One skilled in the art will appreciate that the interactions described with respect to FIGS. 3A and 3B may be utilized exclusively or in combination. Accordingly, in one embodiment, a user is enabled to perpendicularly scroll through available scrub bars 314, independent of haptic feedback regarding content markers. In another embodiment, a user is enabled to receive haptic feedback when scrubbing past content markers, independent of selection of scrub bars 314 via perpendicular motion. In yet another embodiment, a user may be enabled to specify preferences for utilization of haptic feedback and/or vertical selection. One embodiment of the user interface 300 enabling specification of such preferences is depicted in FIG. 3C. Specifically, FIG. 3C depicts the illustrative user interface 300 after user selection of input control 308, which is configured to cause display of a portion of the user interface 300 enabling a user to specify preferences regarding interaction with content markers. In some embodiments, such user preferences may be specific to the currently depicted content (e.g., “The Adventures of Tom Sawyer”). In other embodiments, user preferences may be specified for all audio content, or for specific sets of audio content.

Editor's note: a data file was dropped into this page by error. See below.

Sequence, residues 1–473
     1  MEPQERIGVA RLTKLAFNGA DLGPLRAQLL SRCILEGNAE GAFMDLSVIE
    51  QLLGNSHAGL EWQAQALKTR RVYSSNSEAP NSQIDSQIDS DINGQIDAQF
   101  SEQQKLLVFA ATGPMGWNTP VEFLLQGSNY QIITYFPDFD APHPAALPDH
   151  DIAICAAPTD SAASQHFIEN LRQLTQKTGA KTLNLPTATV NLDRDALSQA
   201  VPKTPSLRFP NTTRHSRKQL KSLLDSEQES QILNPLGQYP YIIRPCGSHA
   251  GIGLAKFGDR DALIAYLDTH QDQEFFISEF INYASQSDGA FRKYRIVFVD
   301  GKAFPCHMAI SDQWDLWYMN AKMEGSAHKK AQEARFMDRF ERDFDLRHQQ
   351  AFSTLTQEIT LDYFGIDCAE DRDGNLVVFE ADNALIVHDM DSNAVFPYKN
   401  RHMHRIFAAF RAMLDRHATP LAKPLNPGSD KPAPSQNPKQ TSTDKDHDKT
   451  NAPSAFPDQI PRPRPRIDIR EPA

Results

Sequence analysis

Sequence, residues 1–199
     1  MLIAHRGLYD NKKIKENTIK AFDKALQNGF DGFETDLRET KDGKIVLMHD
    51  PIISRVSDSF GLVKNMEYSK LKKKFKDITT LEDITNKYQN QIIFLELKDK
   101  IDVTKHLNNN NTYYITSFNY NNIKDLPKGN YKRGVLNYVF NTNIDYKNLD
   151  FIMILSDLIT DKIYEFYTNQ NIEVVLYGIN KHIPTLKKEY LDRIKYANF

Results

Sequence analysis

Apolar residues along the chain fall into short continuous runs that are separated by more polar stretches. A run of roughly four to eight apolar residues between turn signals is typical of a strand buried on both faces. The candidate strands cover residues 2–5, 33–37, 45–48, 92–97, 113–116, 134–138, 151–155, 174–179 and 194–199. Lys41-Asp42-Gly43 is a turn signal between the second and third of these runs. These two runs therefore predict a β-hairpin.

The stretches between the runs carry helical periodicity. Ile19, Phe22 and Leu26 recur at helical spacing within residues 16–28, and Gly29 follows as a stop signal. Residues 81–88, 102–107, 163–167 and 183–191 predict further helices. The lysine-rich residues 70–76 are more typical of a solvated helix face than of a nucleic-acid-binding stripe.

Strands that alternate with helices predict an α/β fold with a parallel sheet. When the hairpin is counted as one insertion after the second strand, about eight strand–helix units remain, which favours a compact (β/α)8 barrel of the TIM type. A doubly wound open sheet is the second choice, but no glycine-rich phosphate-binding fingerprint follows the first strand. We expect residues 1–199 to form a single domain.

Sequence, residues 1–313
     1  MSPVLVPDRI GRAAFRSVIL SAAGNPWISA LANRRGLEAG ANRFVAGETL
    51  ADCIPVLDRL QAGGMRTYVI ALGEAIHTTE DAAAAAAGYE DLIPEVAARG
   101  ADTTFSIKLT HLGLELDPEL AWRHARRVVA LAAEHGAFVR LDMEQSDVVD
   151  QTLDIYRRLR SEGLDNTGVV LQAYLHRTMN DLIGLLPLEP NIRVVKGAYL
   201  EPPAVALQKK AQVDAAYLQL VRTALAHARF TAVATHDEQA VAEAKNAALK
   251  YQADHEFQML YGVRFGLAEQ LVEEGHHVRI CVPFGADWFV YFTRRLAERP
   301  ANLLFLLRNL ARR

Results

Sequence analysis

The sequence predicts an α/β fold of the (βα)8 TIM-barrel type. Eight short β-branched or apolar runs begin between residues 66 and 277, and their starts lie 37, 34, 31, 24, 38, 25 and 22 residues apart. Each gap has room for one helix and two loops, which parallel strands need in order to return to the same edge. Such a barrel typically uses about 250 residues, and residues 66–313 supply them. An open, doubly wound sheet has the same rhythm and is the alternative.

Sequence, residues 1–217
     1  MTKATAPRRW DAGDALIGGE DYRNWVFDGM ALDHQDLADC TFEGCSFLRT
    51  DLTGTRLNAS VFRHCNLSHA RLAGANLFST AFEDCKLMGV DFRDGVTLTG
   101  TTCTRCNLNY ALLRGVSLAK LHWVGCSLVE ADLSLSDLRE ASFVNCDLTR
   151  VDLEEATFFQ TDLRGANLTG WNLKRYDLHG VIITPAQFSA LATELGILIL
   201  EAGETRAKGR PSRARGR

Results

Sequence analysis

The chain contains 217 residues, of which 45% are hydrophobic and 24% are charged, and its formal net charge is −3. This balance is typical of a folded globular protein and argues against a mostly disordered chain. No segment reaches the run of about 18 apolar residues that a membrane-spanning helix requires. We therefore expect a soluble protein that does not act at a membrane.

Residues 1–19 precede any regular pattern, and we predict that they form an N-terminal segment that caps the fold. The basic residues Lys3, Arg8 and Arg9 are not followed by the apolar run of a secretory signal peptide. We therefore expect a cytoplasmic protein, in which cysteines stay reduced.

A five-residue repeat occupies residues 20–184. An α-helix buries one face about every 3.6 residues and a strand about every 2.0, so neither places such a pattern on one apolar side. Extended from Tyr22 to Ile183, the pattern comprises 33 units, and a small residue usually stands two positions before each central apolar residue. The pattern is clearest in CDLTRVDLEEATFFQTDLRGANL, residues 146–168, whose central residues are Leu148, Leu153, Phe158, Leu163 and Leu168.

The illustrative user interface 300 of FIG. 3C contains user selectable input controls 350-366, which enable the user to specify various types of content markers for which haptic feedback should be provided, as well as the specific haptic feedback provided for each content marker type. For example, input control 350 enables a user to specify whether haptic feedback should be provided when scrubbing near or over chapter marks. Similarly, input controls 354, 358 and 362 enable user specification of whether haptic feedback should be provided when scrubbing near or over highlights and annotations, socially provided marks, and publisher content marks, respectively. In addition, the user interface includes controls 352, 356, 360 and 364, each of which enables a user to specify a type of haptic feedback provided for a corresponding content marker type (e.g., footnotes, highlights and annotations, socially provided marks, and publisher content marks, respectively). Illustratively, user selection of any of controls 352, 356, 360, and 364 may cause display of an dialog enabling user selection of a specific haptic feedback style (e.g., vibration or motion pattern) provided when scrubbing near or over content markers of a corresponding type. Still further, the interface 300 of FIG. 3C enables a user to enable or disable perpendicular scrolling through available scrub bars. Specifically, by selection of input control 366, the interactions of FIG. 3B may be enabled or disabled. Illustratively, a user may desire to disable perpendicular scrolling through available scrub bars in order to reduce interface complexity. Accordingly, by interaction with the user interface 300 of FIG. 3C, a user is enabled to customize the types of content markers for which haptic feedback is provided, the specific feedback provided for each content marker type, as well as selection of scrub bars corresponding to content markers of types via perpendicular scrolling.